Oral complications of cancer therapy

Oral compromise during cancer therapy, including mucositis, infection, hyposalivation, taste change, and pain, can be significant [5, 7, 9]. These side effects and toxicities can alter all aspects of oral and oropharyngeal functions affecting diet (taste, dry mouth, chewing, and swallowing) and therefore nutrition. Furthermore, speech, ability to maintain oral hygiene, wearing dental prostheses, and appearance may negatively influence oral health, social, and emotional wellness [2, 19, 20, 21, 22]. These side effects may also affect the ability to deliver cancer therapy as planned and thus, systemic health, outcomes of cancer therapy, and the cost of care [2, 5, 9, 20, 22, 23, 24, 25, 26, 27, 28, 29, 30, 31, 32, 33, 34, 35, 36, 37, 38, 39, 40].

The above-mentioned oral and dental effects of cancer therapy are mostly acute conditions. Additional chronic complications include risk of necrosis of soft and hard tissues (osteoradionecrosis and osteonecrosis risk with osteolytic inhibitors (e.g., bisphosphonates and denosumab)) [25, 41], dental caries [25], disruptions in dental growth and development [42], graft vs. host disease (GVHD) in HSCT patients [43, 44], fibrosis/trismus (limited movement of soft tissue including lips, tongue, neck, jaw, as well as esophageal stricture and motility), dysgeusia, dysphagia, salivary gland dysfunction, and chronic pain (neuropathic, temporomandibular disorders, dental, and periodontal) [1, 2, 9, 20, 21, 23, 24, 25, 28, 31, 33, 34, 37, 38, 39, 45, 46, 47, 48, 49, 50, 51, 52, 53]. The impact of these conditions upon oral and systemic health and general well-being is significant.

Oral care principles

Prevention of these oral complications, early recognition, diagnosis, and management often bridge expertise in both medical and dental cares. With timely and effective care of acute oral complications, completion of planned cancer treatment protocols can be supported for best outcomes, including improved cure rates [5, 14, 22, 24, 27, 29]. Unfortunately, cancer patients often have suboptimal oral health prior to cancer diagnosis [9, 54, 55, 56] and, therefore, are at increased risk for odontogenic (potentially life-threatening) infections during cytotoxic therapy. They may also have an increased risk for mucositis [9, 5, 55].

Cancer survivors

Following cancer therapy, most survivors experience life-long risk for oral and dental disease: for example, any traumatic incident or oral infection originating from periapical and periodontal foci may cause bone necrosis after radiotherapy, with a similar risk for patients on prolonged osteolytic inhibitor therapy for bone metastases of cancer [2, 5, 7, 38, 57]. Hence, pretreatment dental assessment is critical and in some cases is the only opportunity for management of preexisting dental conditions that may lead to significant and difficult to manage complications during and/or following cancer treatment [2, 5, 23, 54, 55, 56, 58].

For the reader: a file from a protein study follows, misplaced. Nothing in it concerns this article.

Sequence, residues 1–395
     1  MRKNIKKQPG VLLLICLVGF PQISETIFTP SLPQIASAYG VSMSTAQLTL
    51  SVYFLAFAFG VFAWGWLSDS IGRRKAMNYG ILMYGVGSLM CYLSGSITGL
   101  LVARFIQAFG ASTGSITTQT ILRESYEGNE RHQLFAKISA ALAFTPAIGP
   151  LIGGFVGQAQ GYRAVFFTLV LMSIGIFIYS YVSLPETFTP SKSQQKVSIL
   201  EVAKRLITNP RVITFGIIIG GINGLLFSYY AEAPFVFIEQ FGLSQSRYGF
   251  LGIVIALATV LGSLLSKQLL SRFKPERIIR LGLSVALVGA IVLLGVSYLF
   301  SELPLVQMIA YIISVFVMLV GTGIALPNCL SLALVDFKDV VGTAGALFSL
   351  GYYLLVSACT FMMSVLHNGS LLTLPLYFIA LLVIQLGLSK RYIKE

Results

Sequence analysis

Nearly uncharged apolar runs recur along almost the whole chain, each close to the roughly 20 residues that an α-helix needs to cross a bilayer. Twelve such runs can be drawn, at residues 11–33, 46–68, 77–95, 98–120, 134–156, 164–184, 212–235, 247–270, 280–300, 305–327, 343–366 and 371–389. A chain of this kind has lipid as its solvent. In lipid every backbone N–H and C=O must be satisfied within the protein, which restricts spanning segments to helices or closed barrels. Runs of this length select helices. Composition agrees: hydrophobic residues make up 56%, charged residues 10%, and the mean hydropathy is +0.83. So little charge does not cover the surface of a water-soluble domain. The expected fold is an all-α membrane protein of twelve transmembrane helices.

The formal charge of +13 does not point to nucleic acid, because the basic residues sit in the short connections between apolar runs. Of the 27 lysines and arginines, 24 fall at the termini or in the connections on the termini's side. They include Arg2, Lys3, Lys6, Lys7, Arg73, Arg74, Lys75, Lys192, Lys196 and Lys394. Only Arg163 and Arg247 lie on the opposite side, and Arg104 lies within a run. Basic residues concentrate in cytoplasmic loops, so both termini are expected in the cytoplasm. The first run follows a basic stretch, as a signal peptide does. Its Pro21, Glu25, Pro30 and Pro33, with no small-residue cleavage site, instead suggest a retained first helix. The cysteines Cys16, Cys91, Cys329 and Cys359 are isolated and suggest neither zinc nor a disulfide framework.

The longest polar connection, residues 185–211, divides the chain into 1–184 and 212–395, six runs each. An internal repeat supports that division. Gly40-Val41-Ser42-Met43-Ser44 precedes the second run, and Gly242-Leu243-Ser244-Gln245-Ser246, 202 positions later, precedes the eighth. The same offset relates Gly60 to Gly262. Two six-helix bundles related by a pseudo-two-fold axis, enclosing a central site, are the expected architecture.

The needs of patients following cancer therapy may be best addressed by appropriate treatment prior to initiation of cancer remedies and with active dental prevention in place [38, 47]. Therefore, as suggested by the British Association of Head and Neck Oncologists, all cancer patients should be assessed by “a suitably qualified dental practitioner” before and after their main treatment [59], and integrated multidisciplinary health care teams including dental expertise must be the initial step to provide optimum treatment for cancer patients [5, 7, 8, 9, 10, 11, 13, 14, 15, 16, 17, 47]. As stated by the International Society of Oral Oncology, “an accurate knowledge of the burden of illness, effective prevention, and treatment of oral complications associated with cancer therapies is necessary for management of the numerous oral complications of cancer therapy.” (http://www.mascc.org/assets/documents/Oral_Care-Summary-Oral_Complications_Systematic_Reviews.pdf., Accessed on 02.11.2013).

Clearly, early planning and coordination between the dentist and the oncology team must occur, so that appropriate oral care can be provided at the appropriate time. Additionally, urgent and emergent dental needs may be managed when the patient is best able to tolerate the treatment, provided at a time of lowest risk to the patient or with appropriate medical support, to facilitate best outcomes which may reduce the need for additional hospitalization and intensive medical care that may impact survival and increase economic burden of treatment [9, 18, 19, 28, 60, 61]. Therefore, oral and dental care before, during, and following cancer therapy are an important part of cancer treatment [7] and are best provided by educated and experienced dental providers, with good communication with the oncology team [47].

Sequence of oral care prior to, during, and following cancer therapy